'Force of nature' Guelph PhD student killed in Iran plane crash

University of Guelph PhD candidate Ghanimat Azhdari is among 138 people headed for Canada who died Wednesday in a plane crash in Iran.

Researcher Ghanimat Azhdari remembered as 'a true force of nature' for work with nomadic peoples

Ghanimat Azhdari started studying for her PhD at the University of Guelph in September 2019. She was among the 176 people killed in a plane crash in Iran on Wednesday. (ICCA Consortium/Twitter)

PhD student Ghanimat Azhdari at the University of Guelph was one of 176 people killed in a plane crash in Iran Wednesday. Azhdari, 36, was doing research in the college of social and applied human sciences at the university, mapping and cataloging Iran's indigenous nomadic communities. 

She is one of four students from the region who died. A large number of students residing in Canada were killed in the crash. 

Late Wednesday the Prime Minister said 138 of the crash victims were headed for Canada

Azhdari was a member of an international group called the ICCA Consortium, which is made up of organizations that support Indigenous people and their lands. 

She had worked on projects documenting the lives and mapping territories of various nomadic communities in Iran, said the consortium on a tribute web page. 


"We are in utter disbelief and heartbroken at the sudden loss of such a beautiful young life — a true force of nature, and one of the ICCA Consortium's most cherished flowers," the consortium said in its statement.

Azhdari was a member of the Qashqai tribe in Iran and worked as a geographic information system specialist.

The consortium said part of her work saw her travel throughout Iran to visit and work with the nomadic tribes.

She started work on her PhD in Guelph in September 2019. 

Concerns over war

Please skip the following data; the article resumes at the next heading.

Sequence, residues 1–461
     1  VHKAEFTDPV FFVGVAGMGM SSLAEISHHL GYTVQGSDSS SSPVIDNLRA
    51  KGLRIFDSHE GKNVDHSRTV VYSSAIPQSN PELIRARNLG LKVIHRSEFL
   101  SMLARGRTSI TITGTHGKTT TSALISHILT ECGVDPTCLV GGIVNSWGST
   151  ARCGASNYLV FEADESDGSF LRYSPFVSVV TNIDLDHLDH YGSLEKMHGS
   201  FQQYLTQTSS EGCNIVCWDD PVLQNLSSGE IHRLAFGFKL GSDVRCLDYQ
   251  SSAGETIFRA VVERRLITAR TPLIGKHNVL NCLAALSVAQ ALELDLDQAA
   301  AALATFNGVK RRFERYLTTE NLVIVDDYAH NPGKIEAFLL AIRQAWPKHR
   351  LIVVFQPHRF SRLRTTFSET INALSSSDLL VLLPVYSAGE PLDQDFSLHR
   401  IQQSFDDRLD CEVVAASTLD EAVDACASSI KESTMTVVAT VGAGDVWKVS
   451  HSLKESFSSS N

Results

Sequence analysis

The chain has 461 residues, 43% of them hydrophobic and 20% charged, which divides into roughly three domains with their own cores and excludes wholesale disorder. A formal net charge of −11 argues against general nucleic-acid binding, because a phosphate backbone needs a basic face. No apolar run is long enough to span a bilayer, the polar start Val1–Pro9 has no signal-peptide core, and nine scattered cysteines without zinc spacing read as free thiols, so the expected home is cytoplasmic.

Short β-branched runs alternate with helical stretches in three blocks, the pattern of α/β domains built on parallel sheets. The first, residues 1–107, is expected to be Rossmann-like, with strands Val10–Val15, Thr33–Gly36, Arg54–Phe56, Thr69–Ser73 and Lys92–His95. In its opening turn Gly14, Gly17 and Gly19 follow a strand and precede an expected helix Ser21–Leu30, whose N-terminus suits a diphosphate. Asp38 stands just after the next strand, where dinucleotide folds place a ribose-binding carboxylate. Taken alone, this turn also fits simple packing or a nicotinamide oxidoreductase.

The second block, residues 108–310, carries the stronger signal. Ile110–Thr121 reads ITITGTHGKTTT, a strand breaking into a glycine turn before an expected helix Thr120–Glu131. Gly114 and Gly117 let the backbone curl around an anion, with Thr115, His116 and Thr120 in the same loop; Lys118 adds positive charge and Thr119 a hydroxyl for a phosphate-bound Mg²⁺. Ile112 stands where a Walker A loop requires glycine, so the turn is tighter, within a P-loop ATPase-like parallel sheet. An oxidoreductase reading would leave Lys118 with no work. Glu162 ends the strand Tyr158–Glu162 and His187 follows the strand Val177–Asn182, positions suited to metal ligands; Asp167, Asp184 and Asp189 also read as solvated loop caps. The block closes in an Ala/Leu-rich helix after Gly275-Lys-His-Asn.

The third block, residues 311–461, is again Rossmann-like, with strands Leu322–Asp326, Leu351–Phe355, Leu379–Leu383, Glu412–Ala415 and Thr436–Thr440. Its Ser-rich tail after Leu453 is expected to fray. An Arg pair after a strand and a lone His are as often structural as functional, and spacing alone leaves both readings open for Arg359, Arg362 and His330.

Associate professor Faisal Moola was Azhdari's adviser at the University of Guelph and called her "a firecracker." 

"She had this effervescent personality. She was small in stature but had the ability to command a room very easily largely through, not just the force of her personality, but this remarkable narrative that she was so generous in sharing," he told CBC Kitchener-Waterloo.

Moola said he burst into tears and hugged his son after learning of Azhdari's death Wednesday morning. He said he had just received emails from her, written before she boarded the flight.

"She wrote to me with great fear and trepidation about the possibility of war. She feared for her family and her friends that she would be leaving behind in order to travel to Canada to continue her studies," he said.

"I think she cared very, very deeply about her traditional territory and obviously doesn't want to see a conflict in Iran."

Moola says he would like to one day visit Iran and Azhdari's traditional territories and he wants to see the work she brought to his lab at the university continue.

"I'm absolutely convinced that her ideas around advancing and supporting Indigenous people and the protection of their traditional territories is critically important if we are going to protect the planet," he said.

Crash Wednesday

There were 63 Canadians who died after a Ukraine International Airlines plane crashed near Tehran, killing all 176 passengers and crew Wednesday.

Airline officials said most of the passengers were en route to the Ukrainian capital of Kyiv, where many had connecting flights.

A Ukraine International Airlines statement said it is working to confirm the cause of the crash.